Dennis Barbour, MD, PhD, associate professor of biomedical engineering in the School of Engineering & Applied Science who studies neurophysiology, found in an animal model that auditory cortex neurons may be encoding sounds differently than previously thought. Sensory neurons, such as those in auditory cortex, on average respond relatively indiscriminately at the beginning of a new stimulus, but rapidly become much more selective. The few neurons responding for the duration of a stimulus were generally thought to encode the identity of a stimulus, while the many neurons responding at the beginning were thought to encode only its presence. This theory makes a prediction that had never been tested — that the indiscriminate, initial responses would encode stimulus identity less accurately than how the selective responses register over the sound’s duration.

    “At the beginning of a sound transition, things are diffusely encoded across the neuron population, but sound identity turns out to be more accurately encoded,” Barbour said. “As a result, you can more rapidly identify sounds and act on that information. If you get about the same amount of information for each action potential spike of neural activity, as we found, then the more spikes you can put toward a problem, the faster you can decide what to do. Neural populations spike most and encode most accurately at the beginning of stimuli.”

    Barbour’s study involved recording individual neurons. To make similar kinds of measurements of brain activity in humans, researchers must use noninvasive techniques that average many neurons together. Event-related potential (ERP) techniques record brain signals through electrodes on the scalp and reflect neural activity synchronized to the onset of a stimulus. Functional MRI (fMRI), on the other hand, reflects activity averaged over several seconds. If the brain were using fundamentally different encoding schemes for onsets versus sustained stimulus presence, these two methods might be expected to diverge in their findings. Both reveal the neural encoding of stimulus identity, however.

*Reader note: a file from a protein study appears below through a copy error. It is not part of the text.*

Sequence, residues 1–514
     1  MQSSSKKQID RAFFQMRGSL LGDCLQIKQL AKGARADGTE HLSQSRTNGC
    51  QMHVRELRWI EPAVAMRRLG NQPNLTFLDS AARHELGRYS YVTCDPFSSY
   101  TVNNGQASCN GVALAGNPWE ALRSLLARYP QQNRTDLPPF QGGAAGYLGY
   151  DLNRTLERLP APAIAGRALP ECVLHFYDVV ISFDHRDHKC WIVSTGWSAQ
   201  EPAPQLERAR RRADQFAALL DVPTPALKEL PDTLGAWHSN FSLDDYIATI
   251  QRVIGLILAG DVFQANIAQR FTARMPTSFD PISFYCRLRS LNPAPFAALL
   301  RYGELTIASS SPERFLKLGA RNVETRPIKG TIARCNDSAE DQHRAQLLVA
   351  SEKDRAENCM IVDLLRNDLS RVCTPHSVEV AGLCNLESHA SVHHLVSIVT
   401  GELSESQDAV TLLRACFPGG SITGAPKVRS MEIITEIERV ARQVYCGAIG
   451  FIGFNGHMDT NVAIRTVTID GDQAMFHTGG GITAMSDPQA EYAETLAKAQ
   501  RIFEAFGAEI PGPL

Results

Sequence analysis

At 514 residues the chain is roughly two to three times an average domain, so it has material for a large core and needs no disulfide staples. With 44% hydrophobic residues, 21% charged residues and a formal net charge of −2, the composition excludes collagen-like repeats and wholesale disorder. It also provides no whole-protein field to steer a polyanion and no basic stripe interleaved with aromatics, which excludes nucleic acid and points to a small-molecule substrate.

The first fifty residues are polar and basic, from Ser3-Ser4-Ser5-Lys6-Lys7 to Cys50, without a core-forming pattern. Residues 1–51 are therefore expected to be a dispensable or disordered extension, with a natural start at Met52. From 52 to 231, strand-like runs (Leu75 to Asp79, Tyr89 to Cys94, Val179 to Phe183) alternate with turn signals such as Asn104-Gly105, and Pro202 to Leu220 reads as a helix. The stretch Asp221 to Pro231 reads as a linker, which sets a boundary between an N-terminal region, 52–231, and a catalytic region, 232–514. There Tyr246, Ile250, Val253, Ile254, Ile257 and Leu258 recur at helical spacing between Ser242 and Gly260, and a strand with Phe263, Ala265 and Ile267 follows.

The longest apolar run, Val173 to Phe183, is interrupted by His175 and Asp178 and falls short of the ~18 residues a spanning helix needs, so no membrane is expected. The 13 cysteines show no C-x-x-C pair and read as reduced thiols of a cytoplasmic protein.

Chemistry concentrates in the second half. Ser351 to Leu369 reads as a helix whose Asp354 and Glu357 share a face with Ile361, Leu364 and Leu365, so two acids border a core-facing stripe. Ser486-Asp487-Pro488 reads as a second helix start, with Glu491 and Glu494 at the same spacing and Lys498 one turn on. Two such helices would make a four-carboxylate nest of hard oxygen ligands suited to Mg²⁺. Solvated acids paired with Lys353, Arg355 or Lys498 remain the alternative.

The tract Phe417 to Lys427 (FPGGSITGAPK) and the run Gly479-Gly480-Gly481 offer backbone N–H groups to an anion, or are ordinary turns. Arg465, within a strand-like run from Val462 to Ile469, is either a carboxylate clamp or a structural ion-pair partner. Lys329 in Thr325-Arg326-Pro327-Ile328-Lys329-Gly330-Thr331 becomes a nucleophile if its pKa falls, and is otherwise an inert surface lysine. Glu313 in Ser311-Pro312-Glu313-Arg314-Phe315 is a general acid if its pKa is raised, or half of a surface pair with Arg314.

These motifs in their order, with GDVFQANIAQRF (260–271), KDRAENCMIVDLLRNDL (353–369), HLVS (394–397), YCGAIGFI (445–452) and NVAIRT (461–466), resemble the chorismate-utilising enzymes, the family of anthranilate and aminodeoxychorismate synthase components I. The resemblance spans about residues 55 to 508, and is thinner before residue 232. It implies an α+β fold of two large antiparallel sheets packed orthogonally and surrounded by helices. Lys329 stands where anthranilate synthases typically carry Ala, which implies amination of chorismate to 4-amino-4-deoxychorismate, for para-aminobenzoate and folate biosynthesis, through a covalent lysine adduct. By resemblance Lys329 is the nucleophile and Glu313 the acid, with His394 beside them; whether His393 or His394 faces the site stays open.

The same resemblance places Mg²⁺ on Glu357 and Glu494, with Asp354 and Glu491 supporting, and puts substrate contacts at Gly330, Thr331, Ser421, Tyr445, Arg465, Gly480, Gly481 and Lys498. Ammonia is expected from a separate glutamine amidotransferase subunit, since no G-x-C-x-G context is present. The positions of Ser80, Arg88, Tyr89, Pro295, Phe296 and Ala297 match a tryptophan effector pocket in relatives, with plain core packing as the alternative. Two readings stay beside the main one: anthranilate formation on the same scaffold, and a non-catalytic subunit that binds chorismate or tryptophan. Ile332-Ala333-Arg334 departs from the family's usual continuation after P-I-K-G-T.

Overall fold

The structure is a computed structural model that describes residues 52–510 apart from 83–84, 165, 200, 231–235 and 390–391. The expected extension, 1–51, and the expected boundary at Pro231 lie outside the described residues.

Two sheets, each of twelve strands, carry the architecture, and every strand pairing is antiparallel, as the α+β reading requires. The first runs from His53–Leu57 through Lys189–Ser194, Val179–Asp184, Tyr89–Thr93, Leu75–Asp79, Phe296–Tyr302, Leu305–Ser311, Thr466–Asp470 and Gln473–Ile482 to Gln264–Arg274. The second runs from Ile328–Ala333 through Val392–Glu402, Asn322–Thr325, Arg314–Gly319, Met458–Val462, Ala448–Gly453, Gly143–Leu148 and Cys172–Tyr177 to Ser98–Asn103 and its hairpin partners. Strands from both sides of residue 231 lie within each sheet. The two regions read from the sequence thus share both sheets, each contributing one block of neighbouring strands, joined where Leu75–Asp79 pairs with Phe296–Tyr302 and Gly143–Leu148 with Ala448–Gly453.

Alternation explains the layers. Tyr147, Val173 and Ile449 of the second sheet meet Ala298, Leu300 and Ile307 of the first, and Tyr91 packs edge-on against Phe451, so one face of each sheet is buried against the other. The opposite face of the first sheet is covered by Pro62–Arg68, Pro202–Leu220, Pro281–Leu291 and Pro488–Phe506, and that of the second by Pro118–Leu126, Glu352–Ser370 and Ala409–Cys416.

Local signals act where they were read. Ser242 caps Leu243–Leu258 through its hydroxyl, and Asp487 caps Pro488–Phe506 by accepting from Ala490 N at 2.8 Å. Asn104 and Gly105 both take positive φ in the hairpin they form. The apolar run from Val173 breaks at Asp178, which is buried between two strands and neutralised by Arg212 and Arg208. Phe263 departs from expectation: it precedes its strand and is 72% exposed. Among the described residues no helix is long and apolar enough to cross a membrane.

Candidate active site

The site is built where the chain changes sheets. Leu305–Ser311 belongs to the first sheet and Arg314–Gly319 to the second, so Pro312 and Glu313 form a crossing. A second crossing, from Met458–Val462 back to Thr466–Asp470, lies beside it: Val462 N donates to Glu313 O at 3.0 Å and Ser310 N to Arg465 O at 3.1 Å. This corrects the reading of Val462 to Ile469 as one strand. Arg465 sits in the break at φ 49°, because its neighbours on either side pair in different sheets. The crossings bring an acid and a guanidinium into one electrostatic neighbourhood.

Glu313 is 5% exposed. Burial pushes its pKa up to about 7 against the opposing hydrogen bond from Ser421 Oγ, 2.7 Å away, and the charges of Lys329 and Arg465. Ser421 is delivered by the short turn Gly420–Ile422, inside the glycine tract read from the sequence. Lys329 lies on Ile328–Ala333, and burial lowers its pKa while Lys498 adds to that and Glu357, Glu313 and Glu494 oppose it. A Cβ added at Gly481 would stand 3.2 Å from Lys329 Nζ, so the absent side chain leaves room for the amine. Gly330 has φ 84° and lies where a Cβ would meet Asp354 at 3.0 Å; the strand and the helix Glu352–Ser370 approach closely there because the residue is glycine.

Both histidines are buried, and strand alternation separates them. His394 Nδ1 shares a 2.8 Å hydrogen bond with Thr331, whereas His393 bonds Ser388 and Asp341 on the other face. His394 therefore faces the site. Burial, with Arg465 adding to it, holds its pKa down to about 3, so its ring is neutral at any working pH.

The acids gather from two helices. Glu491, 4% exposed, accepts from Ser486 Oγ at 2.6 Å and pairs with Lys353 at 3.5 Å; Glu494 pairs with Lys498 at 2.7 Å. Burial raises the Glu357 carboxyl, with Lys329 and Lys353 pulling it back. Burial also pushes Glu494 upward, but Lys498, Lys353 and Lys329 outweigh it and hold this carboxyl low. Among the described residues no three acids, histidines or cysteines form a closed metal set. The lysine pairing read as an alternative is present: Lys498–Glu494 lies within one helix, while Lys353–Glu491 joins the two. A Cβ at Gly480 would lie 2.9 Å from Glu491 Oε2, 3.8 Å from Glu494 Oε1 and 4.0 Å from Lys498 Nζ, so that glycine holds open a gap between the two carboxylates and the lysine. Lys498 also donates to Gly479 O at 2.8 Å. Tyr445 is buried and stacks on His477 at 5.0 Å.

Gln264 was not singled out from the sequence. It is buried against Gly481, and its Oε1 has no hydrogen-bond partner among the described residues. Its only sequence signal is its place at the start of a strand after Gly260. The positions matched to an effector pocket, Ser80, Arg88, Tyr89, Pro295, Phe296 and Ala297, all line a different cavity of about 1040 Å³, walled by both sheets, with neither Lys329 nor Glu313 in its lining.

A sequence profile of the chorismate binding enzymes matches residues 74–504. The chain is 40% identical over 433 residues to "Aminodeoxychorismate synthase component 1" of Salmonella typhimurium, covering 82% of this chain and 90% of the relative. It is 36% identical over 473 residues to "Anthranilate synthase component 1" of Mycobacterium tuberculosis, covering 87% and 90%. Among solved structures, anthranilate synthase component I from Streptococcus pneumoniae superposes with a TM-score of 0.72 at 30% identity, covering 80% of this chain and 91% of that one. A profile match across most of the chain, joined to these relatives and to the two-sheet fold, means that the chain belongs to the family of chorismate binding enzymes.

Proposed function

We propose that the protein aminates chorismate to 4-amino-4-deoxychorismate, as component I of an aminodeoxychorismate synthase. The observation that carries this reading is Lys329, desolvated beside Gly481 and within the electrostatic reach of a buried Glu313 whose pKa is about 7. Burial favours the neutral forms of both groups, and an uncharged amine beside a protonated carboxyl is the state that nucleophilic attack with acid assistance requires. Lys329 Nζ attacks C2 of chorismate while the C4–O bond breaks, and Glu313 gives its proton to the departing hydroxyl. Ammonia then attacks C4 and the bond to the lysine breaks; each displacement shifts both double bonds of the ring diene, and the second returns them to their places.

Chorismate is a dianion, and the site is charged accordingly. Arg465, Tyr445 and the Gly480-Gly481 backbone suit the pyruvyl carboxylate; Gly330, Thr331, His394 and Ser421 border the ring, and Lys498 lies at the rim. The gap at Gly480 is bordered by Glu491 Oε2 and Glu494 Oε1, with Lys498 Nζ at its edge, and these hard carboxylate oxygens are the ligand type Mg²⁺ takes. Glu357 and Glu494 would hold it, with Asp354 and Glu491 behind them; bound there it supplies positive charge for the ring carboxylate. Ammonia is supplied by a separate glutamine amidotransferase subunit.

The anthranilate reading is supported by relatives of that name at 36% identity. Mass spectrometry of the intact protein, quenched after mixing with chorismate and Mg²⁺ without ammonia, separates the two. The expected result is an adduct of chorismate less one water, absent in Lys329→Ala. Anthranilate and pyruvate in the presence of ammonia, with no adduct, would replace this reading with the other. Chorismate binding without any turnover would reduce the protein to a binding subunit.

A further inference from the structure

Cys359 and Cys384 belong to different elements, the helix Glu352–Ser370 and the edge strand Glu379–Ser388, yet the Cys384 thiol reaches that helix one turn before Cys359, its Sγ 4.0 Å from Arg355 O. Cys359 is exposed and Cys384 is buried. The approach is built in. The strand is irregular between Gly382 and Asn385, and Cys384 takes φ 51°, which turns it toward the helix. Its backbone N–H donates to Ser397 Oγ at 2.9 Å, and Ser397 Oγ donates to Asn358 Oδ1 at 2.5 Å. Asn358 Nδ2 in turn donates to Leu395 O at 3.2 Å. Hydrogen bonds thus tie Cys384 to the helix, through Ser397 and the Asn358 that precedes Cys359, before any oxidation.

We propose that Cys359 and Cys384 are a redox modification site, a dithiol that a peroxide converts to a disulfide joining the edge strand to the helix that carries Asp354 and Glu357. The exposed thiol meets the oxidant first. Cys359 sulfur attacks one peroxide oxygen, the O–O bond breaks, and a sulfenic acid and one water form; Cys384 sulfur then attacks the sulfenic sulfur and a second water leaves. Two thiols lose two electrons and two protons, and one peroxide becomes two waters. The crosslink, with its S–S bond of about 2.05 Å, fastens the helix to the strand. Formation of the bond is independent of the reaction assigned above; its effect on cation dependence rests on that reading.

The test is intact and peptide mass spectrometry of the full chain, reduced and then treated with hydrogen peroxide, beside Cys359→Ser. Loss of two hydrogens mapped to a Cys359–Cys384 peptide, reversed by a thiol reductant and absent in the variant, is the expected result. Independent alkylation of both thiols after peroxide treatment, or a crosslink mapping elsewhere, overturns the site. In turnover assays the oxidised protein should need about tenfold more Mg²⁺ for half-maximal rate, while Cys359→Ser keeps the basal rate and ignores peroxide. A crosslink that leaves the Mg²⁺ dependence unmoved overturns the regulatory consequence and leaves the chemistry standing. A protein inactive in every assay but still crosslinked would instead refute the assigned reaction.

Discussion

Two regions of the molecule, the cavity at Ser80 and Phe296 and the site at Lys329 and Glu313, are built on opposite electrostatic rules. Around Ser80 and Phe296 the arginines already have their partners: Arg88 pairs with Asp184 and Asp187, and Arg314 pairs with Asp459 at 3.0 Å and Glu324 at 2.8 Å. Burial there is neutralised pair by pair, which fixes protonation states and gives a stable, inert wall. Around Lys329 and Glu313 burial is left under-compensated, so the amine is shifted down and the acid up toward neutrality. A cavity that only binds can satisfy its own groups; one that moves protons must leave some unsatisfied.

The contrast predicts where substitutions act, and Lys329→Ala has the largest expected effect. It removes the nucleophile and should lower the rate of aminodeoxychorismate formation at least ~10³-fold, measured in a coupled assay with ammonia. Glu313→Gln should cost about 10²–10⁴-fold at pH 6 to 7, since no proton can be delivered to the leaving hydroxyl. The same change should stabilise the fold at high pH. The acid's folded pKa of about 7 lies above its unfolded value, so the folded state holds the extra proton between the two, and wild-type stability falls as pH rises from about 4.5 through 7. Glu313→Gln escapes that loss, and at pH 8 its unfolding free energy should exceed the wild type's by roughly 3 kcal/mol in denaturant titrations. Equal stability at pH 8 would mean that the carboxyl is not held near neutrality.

“There has been a lot of debate for a very long time, but especially in the past couple of decades, about whether information representation in the brain is distributed or local,” Barbour said.

    “If function is localized, with small numbers of neurons bunched together doing similar things, that’s consistent with sparse coding, high selectivity, and low population spiking rates. But if you have distributed activity, or lots of neurons contributing all over the place, that’s consistent with dense coding, low selectivity and high population spiking rates. Depending on how the experiment is conducted, neuroscientists see both. Our evidence suggests that it might just be both, depending on which data you look at and how you analyze it.”

    Barbour said the research is the most fundamental work to build a theory for how information might be encoded for sound processing, yet it implies a novel sensory encoding principle potentially applicable to other sensory systems, such as how smells are processed and encoded.

    Earlier this year, Barbour worked with Barani Raman, associate professor of biomedical engineering, to investigate how the presence and absence of an odor or a sound is processed. While the response times between the olfactory and auditory systems are different, the neurons are responding in the same ways. The results of that research also gave strong evidence that there may exist a stored set of signal processing motifs that is potentially shared by different sensory systems and even different species.


  10. Study proposes more consumer-focused approach to wine

    November 15, 2017 by Ashley